RIM on the other hand as been consistent in their finances and with their news OS, their tie with business, their BBM, their security, the future of credit cards through the phones etc… they have a real shot at defining themselves a niche in the smartphone market.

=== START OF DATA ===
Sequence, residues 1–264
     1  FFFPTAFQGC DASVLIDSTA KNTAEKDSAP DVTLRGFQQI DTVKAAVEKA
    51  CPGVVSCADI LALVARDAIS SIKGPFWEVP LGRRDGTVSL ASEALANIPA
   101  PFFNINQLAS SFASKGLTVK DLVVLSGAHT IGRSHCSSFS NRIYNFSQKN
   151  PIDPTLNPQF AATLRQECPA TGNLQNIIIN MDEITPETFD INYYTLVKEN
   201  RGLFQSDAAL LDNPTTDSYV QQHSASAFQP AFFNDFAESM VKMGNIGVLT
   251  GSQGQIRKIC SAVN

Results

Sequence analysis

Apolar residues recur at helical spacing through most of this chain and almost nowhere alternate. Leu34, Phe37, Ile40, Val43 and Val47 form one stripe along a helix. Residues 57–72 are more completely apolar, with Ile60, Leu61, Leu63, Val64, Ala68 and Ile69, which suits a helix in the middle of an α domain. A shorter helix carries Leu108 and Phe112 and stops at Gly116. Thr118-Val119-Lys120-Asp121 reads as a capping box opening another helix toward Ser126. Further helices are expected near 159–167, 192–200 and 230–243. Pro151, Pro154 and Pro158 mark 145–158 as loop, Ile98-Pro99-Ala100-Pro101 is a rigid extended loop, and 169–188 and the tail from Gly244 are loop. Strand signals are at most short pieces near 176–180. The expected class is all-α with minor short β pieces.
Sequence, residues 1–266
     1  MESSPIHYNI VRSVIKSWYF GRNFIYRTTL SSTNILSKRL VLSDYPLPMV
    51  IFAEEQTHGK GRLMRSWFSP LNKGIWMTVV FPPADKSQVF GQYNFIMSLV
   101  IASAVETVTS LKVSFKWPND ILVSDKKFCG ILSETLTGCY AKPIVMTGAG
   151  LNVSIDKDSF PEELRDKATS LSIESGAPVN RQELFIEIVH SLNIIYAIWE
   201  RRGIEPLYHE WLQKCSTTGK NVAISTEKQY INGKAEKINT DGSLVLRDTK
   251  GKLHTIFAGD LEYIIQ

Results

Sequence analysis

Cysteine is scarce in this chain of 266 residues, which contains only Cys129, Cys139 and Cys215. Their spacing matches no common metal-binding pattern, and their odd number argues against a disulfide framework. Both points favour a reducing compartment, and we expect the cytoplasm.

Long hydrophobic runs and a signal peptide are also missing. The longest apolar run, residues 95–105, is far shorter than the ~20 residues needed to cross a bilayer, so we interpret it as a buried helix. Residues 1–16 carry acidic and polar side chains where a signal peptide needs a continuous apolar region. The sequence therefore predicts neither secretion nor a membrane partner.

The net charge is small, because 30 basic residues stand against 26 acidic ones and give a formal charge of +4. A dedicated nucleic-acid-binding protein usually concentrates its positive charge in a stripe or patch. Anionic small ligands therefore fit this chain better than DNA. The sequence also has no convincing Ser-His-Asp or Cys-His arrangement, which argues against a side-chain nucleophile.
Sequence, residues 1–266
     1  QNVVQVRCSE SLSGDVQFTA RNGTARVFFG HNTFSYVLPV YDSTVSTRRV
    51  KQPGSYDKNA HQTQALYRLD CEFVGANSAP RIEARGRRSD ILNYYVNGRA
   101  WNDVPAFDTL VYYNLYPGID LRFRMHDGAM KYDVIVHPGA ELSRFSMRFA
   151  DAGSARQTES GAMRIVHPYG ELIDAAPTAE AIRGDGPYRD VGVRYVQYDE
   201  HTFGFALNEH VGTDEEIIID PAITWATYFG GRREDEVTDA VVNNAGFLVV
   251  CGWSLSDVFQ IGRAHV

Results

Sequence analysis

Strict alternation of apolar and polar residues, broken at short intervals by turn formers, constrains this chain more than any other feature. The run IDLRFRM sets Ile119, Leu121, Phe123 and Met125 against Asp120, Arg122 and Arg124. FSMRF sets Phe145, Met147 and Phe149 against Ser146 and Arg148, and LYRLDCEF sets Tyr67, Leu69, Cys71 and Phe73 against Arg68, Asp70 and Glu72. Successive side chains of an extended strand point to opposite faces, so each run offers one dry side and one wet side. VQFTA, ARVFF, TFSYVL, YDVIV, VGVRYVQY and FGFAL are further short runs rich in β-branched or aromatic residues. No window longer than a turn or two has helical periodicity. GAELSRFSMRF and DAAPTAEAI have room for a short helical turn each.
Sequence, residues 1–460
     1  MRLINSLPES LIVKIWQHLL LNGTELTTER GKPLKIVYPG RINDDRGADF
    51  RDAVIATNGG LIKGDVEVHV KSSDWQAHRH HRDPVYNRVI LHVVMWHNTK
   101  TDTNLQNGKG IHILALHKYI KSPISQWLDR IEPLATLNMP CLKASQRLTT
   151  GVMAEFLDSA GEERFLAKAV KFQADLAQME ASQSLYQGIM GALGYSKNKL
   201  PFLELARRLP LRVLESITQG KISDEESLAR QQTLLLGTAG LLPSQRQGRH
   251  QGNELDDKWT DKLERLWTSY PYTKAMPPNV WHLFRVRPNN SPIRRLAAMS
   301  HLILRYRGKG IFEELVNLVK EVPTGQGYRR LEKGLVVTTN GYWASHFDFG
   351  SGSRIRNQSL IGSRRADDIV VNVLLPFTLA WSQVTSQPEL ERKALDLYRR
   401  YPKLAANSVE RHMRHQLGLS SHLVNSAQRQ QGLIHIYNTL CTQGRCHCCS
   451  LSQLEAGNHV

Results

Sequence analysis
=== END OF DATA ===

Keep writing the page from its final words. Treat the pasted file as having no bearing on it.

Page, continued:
• The first thing that came to mind is what does Nokia’s move to WP7 mean for RIM? There were six players in the space, but Nokia just threw in the towel. Now there are five. Nokia and RIM have the most to lose and Apple and Google have been transforming the market. WebOS can be contained within HP’s product line and still be relevant even if it isn’t a top 3 smartphone platform in the mobile space and they also have the least to lose. But RIM on the other hand must be freaking out right now. Could we see RIM abandon BBOS for Android or WP7? The Torch is not a compelling device and the Playbook and QNX won’t be enough when there are so many Honeycomb tablets not to mention the Touchpad and iPad2 for consumers to choose from. Their development path is not quick enough and their ecosystem is not strong enough and no Astonishing Tribe will make a difference. Blackberry…your platform is burning.